32    During the closed session, the Town’s solicitor was present and provided answers to councillor’s legal questions regarding the draft lease. Following this discussion, the CAO was directed to complete the negotiations and present the information at a future open session. Council returned to open session at 9:56 p.m. and reported that:

Council gave direction in Closed Session to assist in completing the lease negotiations for the Port Elgin Waterfront Revitalization Project.


 

Analysis

Applicability of the cited closed meeting exceptions

33    Council cited two exceptions to close the discussion at this meeting: the advice subject to solicitor-client privilege exception in section 239(2)(f) and the plans and instructions for negotiations exception in section 239(2)(k).

34    The solicitor-client privilege exception covers discussions that include communications between the Town and its solicitor in seeking or receiving legal advice intended to be confidential. Communication will only be found to be subject to solicitor-client privilege if it is:

  1. Between a client and his or her solicitor, where the solicitor is acting in a professional capacity;

  2. Made in relation to the seeking or receiving of legal advice; and

  3. Intended to be confidential.[8]


35    In the present case, the Town’s solicitor was present at the closed session on November 25, 2019, and provided council with specific legal advice related to the draft lease. This information formed the basis of council’s direction to staff regarding the ongoing lease negotiation. As a result, the discussion fit within the exception for advice subject to solicitor-client privilege.

36    In addition, the discussion also fit within the exception for plans and instructions negotiations, which applies to in camera discussions about plans or instructions that are intended to be applied to current or future negotiations conducted by or on behalf of the municipality.[9] At the November 25 meeting, council provided instructions to staff regarding the Town ’s ongoing lease negotiations.  

 

Procedural matters

Complaint that discussion went beyond the subjects described in the resolution

37    One complaint received by our Office alleged that the discussions that took place about the development project on July 22, November 11 and November 25, 2019 expanded beyond the scope of the descriptions of the matters that were provided in the resolutions to enter each closed session. The complaint indicated that during an open meeting on December 16, 2019, council released a “draft site plan” that included several proposed particulars about the development. As a result, the complainant questioned whether site plan details were inappropriately discussed in closed session.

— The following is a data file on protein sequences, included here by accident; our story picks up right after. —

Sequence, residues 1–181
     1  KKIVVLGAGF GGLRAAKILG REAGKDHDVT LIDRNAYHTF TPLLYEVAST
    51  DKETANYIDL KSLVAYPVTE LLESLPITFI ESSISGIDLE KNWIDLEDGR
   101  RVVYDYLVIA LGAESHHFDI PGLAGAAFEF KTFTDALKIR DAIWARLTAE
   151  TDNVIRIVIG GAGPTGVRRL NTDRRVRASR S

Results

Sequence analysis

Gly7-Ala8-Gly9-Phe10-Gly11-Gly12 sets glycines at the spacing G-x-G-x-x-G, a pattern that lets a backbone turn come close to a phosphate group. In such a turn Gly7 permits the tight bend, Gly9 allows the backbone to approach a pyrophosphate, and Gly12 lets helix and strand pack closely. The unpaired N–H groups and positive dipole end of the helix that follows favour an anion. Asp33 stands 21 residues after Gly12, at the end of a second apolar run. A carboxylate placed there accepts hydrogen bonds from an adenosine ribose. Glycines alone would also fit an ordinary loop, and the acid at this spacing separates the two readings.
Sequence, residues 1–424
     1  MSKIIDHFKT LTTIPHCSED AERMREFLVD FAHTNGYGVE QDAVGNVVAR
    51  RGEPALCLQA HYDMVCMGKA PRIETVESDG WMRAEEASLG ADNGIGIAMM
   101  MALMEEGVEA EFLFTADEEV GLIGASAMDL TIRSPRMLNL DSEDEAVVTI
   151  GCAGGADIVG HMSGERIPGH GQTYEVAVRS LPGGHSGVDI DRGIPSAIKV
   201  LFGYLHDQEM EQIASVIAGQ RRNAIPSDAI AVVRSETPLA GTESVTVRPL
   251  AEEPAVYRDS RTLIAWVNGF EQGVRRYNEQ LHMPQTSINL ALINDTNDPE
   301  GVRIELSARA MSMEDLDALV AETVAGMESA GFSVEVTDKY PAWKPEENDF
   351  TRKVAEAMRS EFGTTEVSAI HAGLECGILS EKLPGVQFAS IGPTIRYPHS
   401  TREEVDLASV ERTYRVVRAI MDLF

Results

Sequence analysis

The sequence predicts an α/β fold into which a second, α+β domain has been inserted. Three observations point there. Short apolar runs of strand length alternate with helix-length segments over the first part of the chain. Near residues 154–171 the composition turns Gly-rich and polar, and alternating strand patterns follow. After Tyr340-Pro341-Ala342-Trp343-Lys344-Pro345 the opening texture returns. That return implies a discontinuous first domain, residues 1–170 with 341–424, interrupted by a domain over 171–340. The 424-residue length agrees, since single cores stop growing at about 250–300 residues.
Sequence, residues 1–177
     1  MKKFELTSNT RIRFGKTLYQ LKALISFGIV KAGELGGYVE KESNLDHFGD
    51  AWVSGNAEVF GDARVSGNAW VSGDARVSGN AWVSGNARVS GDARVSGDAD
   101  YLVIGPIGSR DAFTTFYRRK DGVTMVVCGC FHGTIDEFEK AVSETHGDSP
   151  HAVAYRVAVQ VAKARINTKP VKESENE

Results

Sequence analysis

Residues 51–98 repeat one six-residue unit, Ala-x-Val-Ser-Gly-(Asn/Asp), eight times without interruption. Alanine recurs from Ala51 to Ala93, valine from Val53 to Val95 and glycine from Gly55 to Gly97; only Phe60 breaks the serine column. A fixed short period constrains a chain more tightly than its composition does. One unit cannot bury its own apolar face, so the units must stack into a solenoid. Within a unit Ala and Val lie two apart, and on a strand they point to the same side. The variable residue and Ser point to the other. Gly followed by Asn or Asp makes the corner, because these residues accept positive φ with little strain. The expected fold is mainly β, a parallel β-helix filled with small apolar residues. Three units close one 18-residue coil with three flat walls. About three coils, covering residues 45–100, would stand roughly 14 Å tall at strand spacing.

38    According to those we interviewed, the information presented on December 16 was not a “draft site plan”, but rather conceptual art intended to assist the public in understanding the proposed development prior to providing feedback. Our investigation found no evidence that council discussed a draft site plan during its meetings on July 22, November 11 or November 25. Instead, some basic visualizations were provided to help council understand the proposed lease. We were told that the first time members of council discussed the preliminary drawings and concepts of the potential site plan was during the open meeting on December 16, 2019.

39    Accordingly, my review found no evidence that council’s discussions went beyond those subjects described in the resolutions to enter closed session.

 

Council’s recess at February 24, 2020 open meeting

40    Two complaints to my Office allege that during an open meeting on February 24, 2020, council held an illegal meeting by discussing council business during a recess.

41    Council members met as the Committee of the Whole at 6:30 p.m. on February 24, 2020. The open session video recording of the meeting indicates that, within minutes of the meeting starting, the Mayor stated that one request to speak during “open forum” had been received. “Open forum” is a portion of certain meetings in the Town  of Saugeen Shores when residents are permitted to address council. During the February 24 meeting, a resident had requested to speak about the waterfront lease agreement.

42    During the meeting, the Mayor stated that due to a provision in the Town ’s procedure bylaw, the resident’s presentation could not be heard in “open forum.” The video recording shows that the resident began to speak at the podium while the Mayor tried to interrupt him and eventually spoke over him, stating that the delegation was out of order and asking the resident to take a seat. The resident did not take a seat, and eventually the Mayor announced that “council will take a recess until [the resident] takes his seat”.

43    After the Mayor called a recess, all members of council and the CAO exited council chambers through a back door into an adjoining room. We were told that the adjoining room is a kitchenette that also leads to a hallway containing entryways to the Town  offices.

44    During the recess, the Mayor discussed procedural options for next steps with the Clerk. The Mayor then relayed these options to members of council who were gathered in the kitchenette and the adjoining hallway.

45    We were told that after hearing these options, one councillor indicated they would bring a motion that would allow the resident to speak. We were told that shortly thereafter, council returned to chambers to resume the meeting.